In this case, the Arbitrator enforced Article 18, Section a of the parties' agreement, requiring the standard workday to consist of 8 hours with an additional 30-minute lunch period. This provision requires the Agency to maintain a particular tour of duty (an 8-hour workday) for all bargaining unit employees, thus preventing the Agency from assigning any number of bargaining unit employees to a different tour of duty. The Authority has found other provisions establishing similar tours of duty bargainable at an agency's election under § 7106(b)(1) of the Statute. See, e.g., GSA, Nat'l Capital Region, 42 FLRA 121, 128 (1991) (holding that a provision stating the basic workweek for employees established tours of duty under § 7106(b)(1) of the Statute); United States Dep't of the Navy, Phila. Naval Shipyard, 39 FLRA 590, 598-99 (1991) (holding that a contract provision establishing tours of duty reflected the agency's election to bargain under § 7106(b)(1)); Dep't of the Air Force, Scott Air Force Base, Ill., 33 FLRA 532, 541-43 (1988) (holding that a change in employees' starting and quitting times is a change in their tours of duty), aff'd, 893 F.2d 380 (D.C. Cir. 1990). Because the provision here prescribes the number of employees to be assigned to a tour of duty, it was negotiated pursuant to § 7106(b)(1) of the Statute.

      Accordingly, we find that the award satisfies prong I of the BEP framework.

2.     Prong II

      Prong II of the BEP framework determines whether the award properly reflects a reconstruction of what the Agency would have done had it not violated the contract provision. See BEP, 53 FLRA at 154. Here, the Arbitrator awarded overtime pay or compensatory time as a remedy for the Agency's violation of the parties' agreement. As discussed infra at subsection (C), overtime pay in these circumstances violates 5 C.F.R. § 551.411(c). As the remedy is deficient on this ground, it is not necessary to determine whether the remedy properly reconstructs what the Agency would have done had it not violated the contract provision. [n4] 

C.     The Award of Overtime Pay is Contrary to 5 C.F.R. § 551.411(c)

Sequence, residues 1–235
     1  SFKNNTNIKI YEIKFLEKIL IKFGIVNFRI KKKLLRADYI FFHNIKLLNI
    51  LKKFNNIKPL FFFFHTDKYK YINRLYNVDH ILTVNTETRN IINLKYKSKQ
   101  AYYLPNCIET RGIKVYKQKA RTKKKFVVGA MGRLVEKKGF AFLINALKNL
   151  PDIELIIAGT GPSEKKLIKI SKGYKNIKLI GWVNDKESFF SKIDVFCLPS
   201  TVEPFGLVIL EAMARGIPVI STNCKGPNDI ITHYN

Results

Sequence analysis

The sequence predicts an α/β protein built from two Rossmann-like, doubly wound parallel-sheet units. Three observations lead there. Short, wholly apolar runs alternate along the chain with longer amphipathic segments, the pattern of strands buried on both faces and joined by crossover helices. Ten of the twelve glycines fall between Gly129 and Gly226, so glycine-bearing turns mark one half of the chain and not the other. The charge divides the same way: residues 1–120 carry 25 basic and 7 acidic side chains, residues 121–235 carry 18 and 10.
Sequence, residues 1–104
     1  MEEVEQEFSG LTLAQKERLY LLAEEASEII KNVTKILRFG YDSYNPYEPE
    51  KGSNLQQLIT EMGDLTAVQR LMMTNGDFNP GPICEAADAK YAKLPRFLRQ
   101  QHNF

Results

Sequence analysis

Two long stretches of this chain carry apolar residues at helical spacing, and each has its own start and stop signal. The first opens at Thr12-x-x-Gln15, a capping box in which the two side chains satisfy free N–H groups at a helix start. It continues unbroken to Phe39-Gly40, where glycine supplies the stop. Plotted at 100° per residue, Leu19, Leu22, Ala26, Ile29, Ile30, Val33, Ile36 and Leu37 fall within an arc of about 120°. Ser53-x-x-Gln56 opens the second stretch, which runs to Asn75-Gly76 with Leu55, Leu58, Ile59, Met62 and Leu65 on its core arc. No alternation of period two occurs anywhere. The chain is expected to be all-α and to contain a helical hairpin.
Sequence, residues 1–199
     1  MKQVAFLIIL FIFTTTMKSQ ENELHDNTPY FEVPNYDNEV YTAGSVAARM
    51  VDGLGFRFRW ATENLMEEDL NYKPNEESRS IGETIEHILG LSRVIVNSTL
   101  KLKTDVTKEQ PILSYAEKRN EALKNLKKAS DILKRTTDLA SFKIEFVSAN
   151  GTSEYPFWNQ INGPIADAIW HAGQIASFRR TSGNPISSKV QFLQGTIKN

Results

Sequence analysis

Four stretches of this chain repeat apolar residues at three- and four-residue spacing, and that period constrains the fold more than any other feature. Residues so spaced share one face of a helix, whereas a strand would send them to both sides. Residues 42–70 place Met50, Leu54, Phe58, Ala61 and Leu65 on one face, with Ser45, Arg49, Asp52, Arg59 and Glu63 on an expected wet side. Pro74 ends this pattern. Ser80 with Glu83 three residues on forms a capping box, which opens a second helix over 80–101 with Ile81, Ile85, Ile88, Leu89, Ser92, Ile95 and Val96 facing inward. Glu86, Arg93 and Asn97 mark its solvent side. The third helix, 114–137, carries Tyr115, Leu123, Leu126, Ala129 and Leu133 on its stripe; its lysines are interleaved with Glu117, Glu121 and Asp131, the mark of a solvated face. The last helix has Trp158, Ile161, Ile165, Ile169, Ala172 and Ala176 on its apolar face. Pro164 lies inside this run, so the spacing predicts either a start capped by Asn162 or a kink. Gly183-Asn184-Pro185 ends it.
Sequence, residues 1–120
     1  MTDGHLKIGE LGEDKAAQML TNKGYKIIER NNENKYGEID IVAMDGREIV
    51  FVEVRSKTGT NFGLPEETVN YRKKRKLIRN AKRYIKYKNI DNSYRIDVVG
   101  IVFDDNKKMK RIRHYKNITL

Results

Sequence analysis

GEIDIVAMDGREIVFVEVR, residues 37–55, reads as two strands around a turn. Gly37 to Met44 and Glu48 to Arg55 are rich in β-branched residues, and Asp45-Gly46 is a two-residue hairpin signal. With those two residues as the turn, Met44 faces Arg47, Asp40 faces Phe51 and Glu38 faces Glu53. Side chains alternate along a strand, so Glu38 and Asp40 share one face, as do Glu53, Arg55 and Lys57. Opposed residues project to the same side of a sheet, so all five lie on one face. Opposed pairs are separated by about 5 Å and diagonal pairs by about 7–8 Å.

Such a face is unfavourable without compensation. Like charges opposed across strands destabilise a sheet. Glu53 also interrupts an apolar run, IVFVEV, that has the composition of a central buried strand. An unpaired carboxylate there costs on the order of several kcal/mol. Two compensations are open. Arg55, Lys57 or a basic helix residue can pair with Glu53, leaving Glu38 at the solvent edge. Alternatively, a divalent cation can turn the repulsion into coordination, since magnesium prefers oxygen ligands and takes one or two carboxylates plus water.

Under 5 C.F.R. § 551.411(c), "bona fide meal periods shall not be considered hours of work[,]" and thus are not creditable for the purpose of determining overtime pay. The Authority has held that a bona fide meal period "must be at least 30-minutes in length and the employee must be completely relieved from duty for the purpose of eating." United States Dep't of the Air Force, Travis Air Force Base, Cal., 56 FLRA 434, 437 (2000) (Travis Air Force Base). The Authority, applying this standard, has held that an award ordering compensation for hours of work that include bona fide meal periods is contrary to 5 C.F.R. § 551.411. See id.; United States Dep't of Transp., FAA, Chicago, Ill., 41 FLRA 1441, 1450 (1991).

      In this case, the Arbitrator found that the Agency required the employees to take a 1-hour, non-paid, duty-free lunch period. See Award at 4. Because the employees were completely relieved from duty during the lunch period, it was a bona fide meal period as defined above. The 1-hour lunch period is therefore not compensable. As the Arbitrator ordered overtime pay for this bona fide meal period, the award is contrary to [ v56 p946 ] 5 C.F.R. § 551.411(c). [n5]  See Travis Air Force Base, 56 FLRA at 437.

      Because we uphold the Arbitrator's finding of a contract violation, but set aside the remedy, it is appropriate to remand the award to the parties for resubmission to the Arbitrator, absent settlement, to determine whether an alternative remedy is appropriate. See SSA San Juan, 56 FLRA No. 129, at 7 (finding a remedy contrary to law and remanding for consideration of an appropriate remedy); SSA, Office of Hearings and Appeals, 54 FLRA 1365, 1373 (1998).

V.     Decision

      The portion of the award ordering the Agency to provide overtime or compensatory time is set aside. That portion of the award is remanded to the parties for resubmission to the Arbitrator, absent settlement, to determine an appropriate remedy, if any, for the Agency's violation of the parties' collective bargaining agreement. The Agency's other exceptions are denied.



Footnote # 1 for 56 FLRA No. 158

   Member Pope did not participate in this decision.


Footnote # 2 for 56 FLRA No. 158

   Article 18, Section a states:

The basic workweek will consist of five (5) consecutive workdays. The standard workday will consist of eight (8) hours with an additional thirty (30) minute non-paid, duty-free lunch break. However, there are shifts and posts for which the normal workday is eight (8) consecutive hours without a non-paid, duty-free lunch break. Award at 2.

Footnote # 3 for 56 FLRA No. 158

   Article 3, Section d states: "If the provisions contained in the proposed policy manual and/or program statement change or affect any personnel policies, practices, or conditions of employment, such policy issuances will be subject to negotiation with the Union, prior to issuance and implementation.[]" Award at 6-7.


Footnote # 4 for 56 FLRA No. 158

   We note, however, that our finding that the remedy is deficient does not affect the enforceability of Article 18, Section a of the parties' agreement, because that provision was negotiated pursuant to 5 U.S.C. § 7106(b)(1).


Footnote # 5 for 56 FLRA No. 158

   We note that compensatory time is a substitute for overtime pay and as such, an employee who is not eligible for overtime also is not eligible for compensatory time. See 5 U.S.C. § 5543(a)(1); see also AFGE, Local 2608, 56 FLRA No. 129, at 6 (Sept. 28, 2000) (holding that compensatory time is a substitute for over